Tuesday, September 18, 2012
Review: "Java EE 6 Pocket Guide" by Arun Gupta
Book: "Java EE 6 Pocket Guide"
Language : English
Paperback: 204 pages
Release Date : September 2012
Arun (@arungupta) is the Java EE evangelist at Oracle. He has over 15 years of experience in the software industry working in the Java platform and several web-related technologies. In his current role, he works to create and foster the community around Java EE and GlassFish. He has been with the Java EE team since its inception and contributed to all releases. Arun has extensive world wide speaking experience on myriad of topics and loves to engage with the community, customers, partners, and Java User Groups everywhere to spread the goodness of Java. He is running a well know blog named "Miles to go..."
204 pages is a good size for a pocket guide. It covers the basics you need to know of Java EE 6 and gives good examples of all relevant parts. Chapter 1 introduces you to the Java Enterprise Edition in general. Chapter 2 follows with a brief introduction to Managed Beans and their overall life-cycle. Chapter 3 dives into Servlets and all relevant parts. Chapter 4 introduces the Java Persistence API beginning with Entities and the surrounding happenings. Chapter 5 dedicates content around the Enterprise JavaBeans specification. Thins includes Stateful, Stateless, Singleton and Message-Driven up to the Embeddable API and the EJBLite specification. Chapter 6 is about Contexts and Dependency Injection including the portable extensions. The Chapter 7 covers JavaServer Faces very briefly and introduces you to the main concepts. Chapters 8 and 9 are about SOAP-Based Web Services and RESTful Web Services with simple and understandable examples. Chapter 10 covers the Java Message Service with a message send example. The book closes with Chapter 11 about Bean Validation and how it integrates with JPA and JSF.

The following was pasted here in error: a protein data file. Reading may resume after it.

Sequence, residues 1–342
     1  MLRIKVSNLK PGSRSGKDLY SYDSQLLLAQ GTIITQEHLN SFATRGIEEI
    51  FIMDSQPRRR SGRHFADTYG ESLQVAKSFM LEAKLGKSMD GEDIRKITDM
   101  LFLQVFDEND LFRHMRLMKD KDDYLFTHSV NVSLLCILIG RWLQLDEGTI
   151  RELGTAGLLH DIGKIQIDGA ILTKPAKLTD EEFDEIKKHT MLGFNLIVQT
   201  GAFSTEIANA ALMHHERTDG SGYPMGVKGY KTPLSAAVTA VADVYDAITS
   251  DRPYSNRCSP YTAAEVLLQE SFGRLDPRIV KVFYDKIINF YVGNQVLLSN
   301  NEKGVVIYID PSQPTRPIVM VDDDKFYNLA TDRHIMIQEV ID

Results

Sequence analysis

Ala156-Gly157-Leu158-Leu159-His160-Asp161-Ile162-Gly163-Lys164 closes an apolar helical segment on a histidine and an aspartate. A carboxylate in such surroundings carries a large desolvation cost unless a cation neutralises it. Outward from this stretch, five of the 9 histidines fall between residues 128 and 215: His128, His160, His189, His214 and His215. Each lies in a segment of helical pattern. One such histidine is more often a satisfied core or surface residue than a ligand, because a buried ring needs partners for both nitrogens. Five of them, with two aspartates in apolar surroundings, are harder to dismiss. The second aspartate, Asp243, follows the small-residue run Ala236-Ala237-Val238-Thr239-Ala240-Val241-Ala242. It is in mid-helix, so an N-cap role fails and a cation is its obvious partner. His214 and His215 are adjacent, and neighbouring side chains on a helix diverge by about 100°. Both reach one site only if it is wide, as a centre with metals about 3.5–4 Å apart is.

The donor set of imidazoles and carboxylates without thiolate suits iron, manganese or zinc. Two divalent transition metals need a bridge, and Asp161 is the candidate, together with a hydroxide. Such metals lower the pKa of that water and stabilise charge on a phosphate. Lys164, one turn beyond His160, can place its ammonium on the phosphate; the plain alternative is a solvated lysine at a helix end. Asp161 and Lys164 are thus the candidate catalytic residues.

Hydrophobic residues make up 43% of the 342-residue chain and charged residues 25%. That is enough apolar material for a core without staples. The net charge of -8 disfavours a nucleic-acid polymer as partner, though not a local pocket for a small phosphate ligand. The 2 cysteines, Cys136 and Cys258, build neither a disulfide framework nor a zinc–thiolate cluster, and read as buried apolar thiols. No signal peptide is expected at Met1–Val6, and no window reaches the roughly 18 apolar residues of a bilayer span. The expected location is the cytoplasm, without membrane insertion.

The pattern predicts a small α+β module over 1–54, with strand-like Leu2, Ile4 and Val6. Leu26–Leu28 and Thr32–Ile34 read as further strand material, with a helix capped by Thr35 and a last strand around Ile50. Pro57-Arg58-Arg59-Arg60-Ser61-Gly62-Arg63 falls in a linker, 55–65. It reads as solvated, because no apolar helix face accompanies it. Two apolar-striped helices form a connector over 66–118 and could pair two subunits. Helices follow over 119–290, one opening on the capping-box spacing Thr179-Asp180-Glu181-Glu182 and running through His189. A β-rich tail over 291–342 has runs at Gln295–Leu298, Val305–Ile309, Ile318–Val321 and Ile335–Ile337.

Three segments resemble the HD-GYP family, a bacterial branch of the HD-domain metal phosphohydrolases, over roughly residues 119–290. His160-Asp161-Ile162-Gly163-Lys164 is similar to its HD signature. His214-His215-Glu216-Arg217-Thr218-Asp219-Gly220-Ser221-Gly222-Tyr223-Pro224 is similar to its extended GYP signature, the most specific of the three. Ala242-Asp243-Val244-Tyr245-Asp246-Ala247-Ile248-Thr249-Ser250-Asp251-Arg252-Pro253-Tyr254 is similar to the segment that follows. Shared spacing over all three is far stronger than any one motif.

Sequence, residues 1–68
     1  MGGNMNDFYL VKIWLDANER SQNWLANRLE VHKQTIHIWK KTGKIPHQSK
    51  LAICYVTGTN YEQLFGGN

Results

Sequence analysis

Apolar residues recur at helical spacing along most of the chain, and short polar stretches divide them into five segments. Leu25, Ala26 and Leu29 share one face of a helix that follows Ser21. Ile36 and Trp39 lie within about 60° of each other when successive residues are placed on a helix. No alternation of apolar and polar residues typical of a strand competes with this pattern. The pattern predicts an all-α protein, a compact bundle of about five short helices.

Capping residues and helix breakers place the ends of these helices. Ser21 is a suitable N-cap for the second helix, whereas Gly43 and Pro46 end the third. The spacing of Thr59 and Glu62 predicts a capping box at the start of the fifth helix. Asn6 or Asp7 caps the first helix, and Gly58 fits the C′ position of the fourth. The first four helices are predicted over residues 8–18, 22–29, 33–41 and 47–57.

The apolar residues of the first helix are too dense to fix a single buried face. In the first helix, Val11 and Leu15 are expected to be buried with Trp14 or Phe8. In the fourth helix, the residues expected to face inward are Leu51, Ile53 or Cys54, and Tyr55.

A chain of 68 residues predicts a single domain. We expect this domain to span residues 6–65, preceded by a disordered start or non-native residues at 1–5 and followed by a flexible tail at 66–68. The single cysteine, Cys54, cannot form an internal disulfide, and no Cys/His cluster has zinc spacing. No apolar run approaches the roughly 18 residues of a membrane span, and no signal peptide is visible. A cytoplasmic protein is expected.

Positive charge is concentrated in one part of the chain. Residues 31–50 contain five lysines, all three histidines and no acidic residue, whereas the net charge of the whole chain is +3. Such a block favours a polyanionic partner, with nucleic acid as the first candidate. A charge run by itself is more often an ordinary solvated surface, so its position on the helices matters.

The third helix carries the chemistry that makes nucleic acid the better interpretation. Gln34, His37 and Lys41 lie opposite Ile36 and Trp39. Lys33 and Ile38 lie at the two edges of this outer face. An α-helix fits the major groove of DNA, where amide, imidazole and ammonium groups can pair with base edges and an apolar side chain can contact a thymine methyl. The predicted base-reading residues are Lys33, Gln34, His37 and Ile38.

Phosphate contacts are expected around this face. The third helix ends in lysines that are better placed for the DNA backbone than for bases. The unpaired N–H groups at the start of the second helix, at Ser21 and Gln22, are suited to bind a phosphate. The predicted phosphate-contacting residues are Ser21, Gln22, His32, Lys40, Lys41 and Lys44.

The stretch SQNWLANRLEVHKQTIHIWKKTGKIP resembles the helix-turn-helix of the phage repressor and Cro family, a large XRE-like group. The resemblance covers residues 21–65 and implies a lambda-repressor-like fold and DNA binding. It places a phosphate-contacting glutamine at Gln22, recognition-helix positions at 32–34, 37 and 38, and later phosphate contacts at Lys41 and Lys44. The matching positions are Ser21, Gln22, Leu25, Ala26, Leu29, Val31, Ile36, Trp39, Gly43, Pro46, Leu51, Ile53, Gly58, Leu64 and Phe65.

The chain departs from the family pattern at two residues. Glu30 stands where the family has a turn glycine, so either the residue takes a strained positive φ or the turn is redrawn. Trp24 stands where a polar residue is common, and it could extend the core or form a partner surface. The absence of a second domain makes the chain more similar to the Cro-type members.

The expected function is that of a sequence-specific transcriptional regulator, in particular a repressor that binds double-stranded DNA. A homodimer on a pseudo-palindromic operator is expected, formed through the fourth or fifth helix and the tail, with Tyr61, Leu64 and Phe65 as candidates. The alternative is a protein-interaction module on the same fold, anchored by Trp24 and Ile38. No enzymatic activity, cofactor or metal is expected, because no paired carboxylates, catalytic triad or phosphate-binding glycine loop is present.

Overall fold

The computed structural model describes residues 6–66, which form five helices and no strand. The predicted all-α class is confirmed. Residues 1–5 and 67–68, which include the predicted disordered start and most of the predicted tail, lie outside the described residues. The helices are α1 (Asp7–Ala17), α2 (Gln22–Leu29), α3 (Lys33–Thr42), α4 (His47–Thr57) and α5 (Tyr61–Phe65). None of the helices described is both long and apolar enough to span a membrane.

Writing and Style
This is a pocket guide which is comprehensively written. I could follow all examples and it was a good read overall. No complicated constructs and clear writing. Walking from chapter to chapter works, but it isn't designed like that. It is more like a reference book to look up the most important topics in Java EE 6 at one point. It isn't watered-down by complex examples and sticks to the most important characteristics of the covered specifications. If you ever have seen one of Arun's presentations or tutorials you know that he is good in explaining things and this style found the way into the guide.
Conclusion and recommendation
I'm obviously not neutral here :) GO GET IT! It is the only book you probably will need about Java EE 6! It is comprehensive, wonderfully written and covers everything you need in your daily work. It is not a complete reference but provides a great shortcut to the things you need to know. To me it is a good beginners guide and also works as a companion for advanced users. Get it while it's hot! Thanks Arun for sharing your knowledge!